Divided Equally

 

Graffiti in Havana, Cuba. Photo by Karim Amar.
 

Back in that time with the lovely name:
                                        Special Period,
Maribel, Maritza, Orestes and I shared lunch.
Although it was little enough
we divided equally
the scant rice and meager soup.

One luxurious day we combined Christmas, New Year
and all the world’s holidays.
We boiled an egg
and also divided it equally.
An old wine bottle with wildflowers and water
accompanied those meals.

Today Maribel lives in Segovia
in a village with the lovely name:
                                        Cerezo de arriba,
Maritza is in Toronto,
Orestes is the pastor at a Baptist church,
and I’m here, still lunching in the same place.
Although it may not seem so at first glance, 
we continue to divide the nation
in equal portions. 

 

Translated by Margaret Randall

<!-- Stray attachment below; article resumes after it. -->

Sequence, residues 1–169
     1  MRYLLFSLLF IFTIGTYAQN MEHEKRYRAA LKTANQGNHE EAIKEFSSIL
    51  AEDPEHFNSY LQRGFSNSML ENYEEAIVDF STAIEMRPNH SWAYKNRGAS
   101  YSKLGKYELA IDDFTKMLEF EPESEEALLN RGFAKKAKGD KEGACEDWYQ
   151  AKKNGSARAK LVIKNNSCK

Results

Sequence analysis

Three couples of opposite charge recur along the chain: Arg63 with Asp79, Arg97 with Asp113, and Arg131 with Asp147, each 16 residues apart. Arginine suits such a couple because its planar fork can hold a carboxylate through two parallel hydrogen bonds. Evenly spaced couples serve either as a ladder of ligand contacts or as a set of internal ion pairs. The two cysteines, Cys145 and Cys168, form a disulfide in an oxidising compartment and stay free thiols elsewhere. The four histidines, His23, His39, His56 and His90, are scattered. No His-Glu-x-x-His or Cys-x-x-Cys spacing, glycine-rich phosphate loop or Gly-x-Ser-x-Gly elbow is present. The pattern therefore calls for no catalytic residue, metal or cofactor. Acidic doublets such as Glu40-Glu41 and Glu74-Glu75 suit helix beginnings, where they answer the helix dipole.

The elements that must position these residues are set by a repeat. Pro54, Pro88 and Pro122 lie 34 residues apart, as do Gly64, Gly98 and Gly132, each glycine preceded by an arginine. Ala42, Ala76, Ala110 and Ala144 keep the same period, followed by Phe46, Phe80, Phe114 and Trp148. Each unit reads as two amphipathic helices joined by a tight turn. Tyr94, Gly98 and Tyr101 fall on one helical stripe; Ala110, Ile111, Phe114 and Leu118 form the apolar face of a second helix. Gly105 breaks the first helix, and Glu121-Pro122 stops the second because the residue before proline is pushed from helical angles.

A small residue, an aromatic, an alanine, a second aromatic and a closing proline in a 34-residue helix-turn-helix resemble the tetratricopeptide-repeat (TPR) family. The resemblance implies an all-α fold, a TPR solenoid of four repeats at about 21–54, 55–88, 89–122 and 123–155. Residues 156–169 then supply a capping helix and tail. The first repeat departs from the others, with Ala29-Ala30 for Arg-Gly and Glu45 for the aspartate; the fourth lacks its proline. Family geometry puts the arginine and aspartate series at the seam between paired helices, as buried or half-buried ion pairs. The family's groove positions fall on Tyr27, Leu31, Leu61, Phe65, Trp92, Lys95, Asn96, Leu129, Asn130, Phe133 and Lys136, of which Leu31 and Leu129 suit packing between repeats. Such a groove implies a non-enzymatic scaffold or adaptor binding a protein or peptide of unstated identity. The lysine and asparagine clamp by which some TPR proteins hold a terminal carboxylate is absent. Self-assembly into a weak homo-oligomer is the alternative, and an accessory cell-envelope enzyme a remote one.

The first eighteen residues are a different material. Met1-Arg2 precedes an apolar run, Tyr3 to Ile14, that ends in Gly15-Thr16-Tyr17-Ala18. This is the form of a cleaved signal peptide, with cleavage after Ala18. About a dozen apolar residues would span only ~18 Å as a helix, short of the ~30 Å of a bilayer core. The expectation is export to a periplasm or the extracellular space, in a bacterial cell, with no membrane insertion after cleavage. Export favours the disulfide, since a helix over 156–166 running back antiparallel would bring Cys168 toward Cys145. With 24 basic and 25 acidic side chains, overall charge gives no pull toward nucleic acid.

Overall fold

Originally published in World Literature Today 89, no. 5 (September 2015).

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LALT Vol. 1 No. 2
Number 2

The second issue of Latin American Literature highlights the Caribbean and queer literature from across Latin America, featuring dossiers of revolutionary Chilean writer Pedro Lemebel and Mexican author Yuri Herrera as well as a special section on literary voices from Cuba.

Table of Contents

Editor's Note

Latin American Chronicle

Poetry

Essays

Dossier: Pedro Lemebel

Dossier: Voices from Cuba

Featured Author: Yuri Herrera

Fiction

Interviews

Nota Bene